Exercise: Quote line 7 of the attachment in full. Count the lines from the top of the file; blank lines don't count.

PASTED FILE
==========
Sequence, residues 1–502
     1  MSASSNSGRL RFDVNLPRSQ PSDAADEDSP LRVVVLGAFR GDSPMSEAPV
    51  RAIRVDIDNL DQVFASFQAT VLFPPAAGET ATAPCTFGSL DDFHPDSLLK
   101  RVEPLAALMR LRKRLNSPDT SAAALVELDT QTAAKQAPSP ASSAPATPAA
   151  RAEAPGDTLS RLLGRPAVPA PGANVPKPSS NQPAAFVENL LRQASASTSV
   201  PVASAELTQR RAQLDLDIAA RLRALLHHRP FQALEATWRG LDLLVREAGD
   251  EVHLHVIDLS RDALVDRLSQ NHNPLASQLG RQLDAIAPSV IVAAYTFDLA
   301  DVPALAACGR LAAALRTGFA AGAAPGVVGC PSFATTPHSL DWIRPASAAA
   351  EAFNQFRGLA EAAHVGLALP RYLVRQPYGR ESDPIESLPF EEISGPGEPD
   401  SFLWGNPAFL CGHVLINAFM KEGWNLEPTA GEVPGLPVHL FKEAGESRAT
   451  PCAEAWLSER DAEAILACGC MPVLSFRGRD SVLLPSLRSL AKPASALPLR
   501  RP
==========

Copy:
   251  EVHLHVIDLS RDALVDRLSQ NHNPLASQLG RQLDAIAPSV IVAAYTFDLA